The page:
Contrary to its objective of holding the balance of power in poorly run municipalities, in order to force future accountability, OSA shaped only in the best-run province, the Western Cape. Only two OSA-backed movements won any seats, Cederberg Eerste and Knysna Independent Movement. The former holds the balance of power in Cederberg between the ANC and DA in a former DA-run municipality. The latter made absolutely no difference in a DA-held municipality.
At the time of publication, it is not yet clear what the results of the bartering and arm wrestling between the various potential coalition permutations will be. The hard political reality is that the deals, except in a few exceptions, most likely will be between the top three players — the ANC, the DA, and the EFF.
Given its traumatic experience of 2016 coalitions with the EFF and ActionSA, many in the DA will find attractive of a coalition with a single partner that shares many of its values, the ANC. One possibility is the DA being the leading partner in Tshwane and the ANC the leading partner in Johannesburg.
This would cause some rumblings in DA ranks but the biggest impediment is the stiff resistance that such a deal would elicit in ANC ranks. It could be the trigger for an ANC breakaway of the RET faction, although that likelihood is small. By far the biggest obstacle is Ramaphosa himself, who has at every turn backed down in every confrontation with the RET forces.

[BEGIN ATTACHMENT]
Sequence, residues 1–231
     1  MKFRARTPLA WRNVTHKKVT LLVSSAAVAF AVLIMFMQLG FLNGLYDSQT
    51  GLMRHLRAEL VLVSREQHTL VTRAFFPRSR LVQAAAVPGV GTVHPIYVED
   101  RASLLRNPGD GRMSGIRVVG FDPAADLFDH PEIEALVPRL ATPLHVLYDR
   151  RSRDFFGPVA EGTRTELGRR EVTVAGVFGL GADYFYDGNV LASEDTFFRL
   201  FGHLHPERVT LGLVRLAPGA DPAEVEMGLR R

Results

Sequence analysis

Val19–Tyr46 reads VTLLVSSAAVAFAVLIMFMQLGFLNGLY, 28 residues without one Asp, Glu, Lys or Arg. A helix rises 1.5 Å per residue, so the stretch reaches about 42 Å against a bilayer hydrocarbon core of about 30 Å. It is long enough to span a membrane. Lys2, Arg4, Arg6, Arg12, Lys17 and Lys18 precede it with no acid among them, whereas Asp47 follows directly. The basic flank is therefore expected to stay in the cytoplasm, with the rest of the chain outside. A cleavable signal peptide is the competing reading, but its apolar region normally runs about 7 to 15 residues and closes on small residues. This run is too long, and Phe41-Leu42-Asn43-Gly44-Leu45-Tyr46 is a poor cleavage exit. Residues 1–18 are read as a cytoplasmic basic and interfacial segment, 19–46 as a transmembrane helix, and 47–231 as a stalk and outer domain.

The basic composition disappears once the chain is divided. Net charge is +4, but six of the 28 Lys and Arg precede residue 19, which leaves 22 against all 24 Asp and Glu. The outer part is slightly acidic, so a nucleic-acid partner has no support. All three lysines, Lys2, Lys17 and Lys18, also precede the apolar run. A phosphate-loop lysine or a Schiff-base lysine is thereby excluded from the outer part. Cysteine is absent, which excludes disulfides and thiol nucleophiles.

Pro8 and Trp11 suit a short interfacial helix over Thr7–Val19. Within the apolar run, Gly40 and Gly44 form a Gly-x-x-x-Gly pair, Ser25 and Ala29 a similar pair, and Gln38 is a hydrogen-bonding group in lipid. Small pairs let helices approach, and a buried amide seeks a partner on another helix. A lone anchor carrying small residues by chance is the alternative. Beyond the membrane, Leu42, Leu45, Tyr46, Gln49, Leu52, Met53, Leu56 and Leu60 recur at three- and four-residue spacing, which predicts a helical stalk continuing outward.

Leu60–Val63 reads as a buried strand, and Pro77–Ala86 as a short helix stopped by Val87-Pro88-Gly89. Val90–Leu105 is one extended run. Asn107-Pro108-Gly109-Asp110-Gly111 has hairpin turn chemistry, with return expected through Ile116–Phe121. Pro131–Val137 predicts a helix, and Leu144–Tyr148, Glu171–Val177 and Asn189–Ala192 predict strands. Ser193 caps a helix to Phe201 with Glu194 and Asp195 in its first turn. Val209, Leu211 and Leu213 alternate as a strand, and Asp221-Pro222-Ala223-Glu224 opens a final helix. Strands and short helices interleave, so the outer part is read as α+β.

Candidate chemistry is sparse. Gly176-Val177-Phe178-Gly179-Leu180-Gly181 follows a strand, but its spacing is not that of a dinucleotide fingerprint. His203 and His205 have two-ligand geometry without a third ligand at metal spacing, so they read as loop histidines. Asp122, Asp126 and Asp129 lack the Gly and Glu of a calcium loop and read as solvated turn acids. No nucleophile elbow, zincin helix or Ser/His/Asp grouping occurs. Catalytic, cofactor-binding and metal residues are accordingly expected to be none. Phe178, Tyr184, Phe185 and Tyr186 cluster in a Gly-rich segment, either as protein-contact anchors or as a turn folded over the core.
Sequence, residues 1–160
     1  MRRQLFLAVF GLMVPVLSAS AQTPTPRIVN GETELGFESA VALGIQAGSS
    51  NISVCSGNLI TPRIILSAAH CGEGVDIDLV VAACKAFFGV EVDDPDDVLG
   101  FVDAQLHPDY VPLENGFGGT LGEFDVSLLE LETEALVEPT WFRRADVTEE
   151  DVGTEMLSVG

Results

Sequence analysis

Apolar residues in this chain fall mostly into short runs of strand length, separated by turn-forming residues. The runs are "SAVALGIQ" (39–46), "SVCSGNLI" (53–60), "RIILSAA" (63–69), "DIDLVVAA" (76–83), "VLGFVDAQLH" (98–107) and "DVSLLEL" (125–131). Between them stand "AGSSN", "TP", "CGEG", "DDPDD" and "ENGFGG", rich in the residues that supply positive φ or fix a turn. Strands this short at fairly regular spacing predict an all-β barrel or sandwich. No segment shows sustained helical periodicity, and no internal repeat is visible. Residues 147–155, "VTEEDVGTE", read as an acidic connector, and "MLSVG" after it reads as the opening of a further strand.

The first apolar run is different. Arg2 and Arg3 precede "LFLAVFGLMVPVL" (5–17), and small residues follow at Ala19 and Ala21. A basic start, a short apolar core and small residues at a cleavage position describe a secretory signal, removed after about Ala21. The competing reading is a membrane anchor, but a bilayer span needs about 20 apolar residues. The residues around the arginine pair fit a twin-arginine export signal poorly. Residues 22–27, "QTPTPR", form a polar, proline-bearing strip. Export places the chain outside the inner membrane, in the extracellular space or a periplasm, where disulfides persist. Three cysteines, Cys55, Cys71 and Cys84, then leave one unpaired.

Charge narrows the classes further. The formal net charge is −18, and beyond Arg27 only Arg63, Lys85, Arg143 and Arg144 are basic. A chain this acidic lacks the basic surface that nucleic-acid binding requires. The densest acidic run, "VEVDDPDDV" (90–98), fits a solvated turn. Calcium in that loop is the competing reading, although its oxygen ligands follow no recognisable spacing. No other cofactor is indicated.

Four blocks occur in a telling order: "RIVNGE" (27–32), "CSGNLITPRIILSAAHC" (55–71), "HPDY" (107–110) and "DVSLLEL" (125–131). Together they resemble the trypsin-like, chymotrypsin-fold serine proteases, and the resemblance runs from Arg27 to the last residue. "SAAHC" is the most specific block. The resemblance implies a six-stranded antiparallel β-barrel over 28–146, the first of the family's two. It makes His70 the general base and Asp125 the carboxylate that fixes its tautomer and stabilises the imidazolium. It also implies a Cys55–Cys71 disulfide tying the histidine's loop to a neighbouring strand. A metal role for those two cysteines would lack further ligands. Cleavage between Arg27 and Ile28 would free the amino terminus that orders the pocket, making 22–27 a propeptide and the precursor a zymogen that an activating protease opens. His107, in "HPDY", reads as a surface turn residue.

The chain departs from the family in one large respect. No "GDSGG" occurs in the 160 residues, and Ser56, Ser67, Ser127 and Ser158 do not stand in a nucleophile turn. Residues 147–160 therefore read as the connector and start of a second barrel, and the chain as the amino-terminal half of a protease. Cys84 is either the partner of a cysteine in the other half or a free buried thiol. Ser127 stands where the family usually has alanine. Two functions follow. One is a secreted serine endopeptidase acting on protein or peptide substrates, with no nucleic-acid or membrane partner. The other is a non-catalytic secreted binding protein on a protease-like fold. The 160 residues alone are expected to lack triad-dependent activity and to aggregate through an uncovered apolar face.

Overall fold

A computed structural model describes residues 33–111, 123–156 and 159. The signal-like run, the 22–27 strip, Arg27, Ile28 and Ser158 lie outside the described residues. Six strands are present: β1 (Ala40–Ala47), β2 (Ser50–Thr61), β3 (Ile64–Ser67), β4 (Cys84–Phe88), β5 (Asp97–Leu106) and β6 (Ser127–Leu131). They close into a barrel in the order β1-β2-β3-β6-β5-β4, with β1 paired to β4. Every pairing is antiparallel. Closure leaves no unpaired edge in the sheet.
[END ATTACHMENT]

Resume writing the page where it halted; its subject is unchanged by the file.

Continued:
More palatable to many in the ANC would be a deal with the EFF, which says a prerequisite would be the ANC adopting EFF policies on land expropriation. Such an alliance would, at best, deliver vulnerable minority administrations in Tshwane and Johannesburg, and an administration with a slender majority in Ekurhuleni. And it would come at the reputational cost of bedding down with corrupt racists. But, hey, the DA has been there and done that.
Whatever the shape of these coalitions, they issue in an era of political instability. They tend to be unpopular with party supporters, who feel betrayed. All the time they’ve been told that the party leadership hates that cheap, eye-batting floozie, now it wants to make her part of a permanent ménage à trois.
Post-election coalitions are also inherently unstable, bringing together parties on the basis of pragmatism or expedience, depending on your viewpoint, rather than principle. They are vulnerable to corruption and bribery and, as our political history shows, soon end in tears and recriminations.
However, coalitions are also like that “shake-the-bag” moment in Scrabble. The new tiles may deliver a rack of consonants, but also, occasionally, a serendipitous and life saving seven-letter triple word score.
South Africa is close to a number of economic and social tipping points. This election, with the ANC dropping under 50% for the first time, has opened up possibilities to an end of 27-years of hegemonic stultification. The likely political chaos of the next few years may speed that process.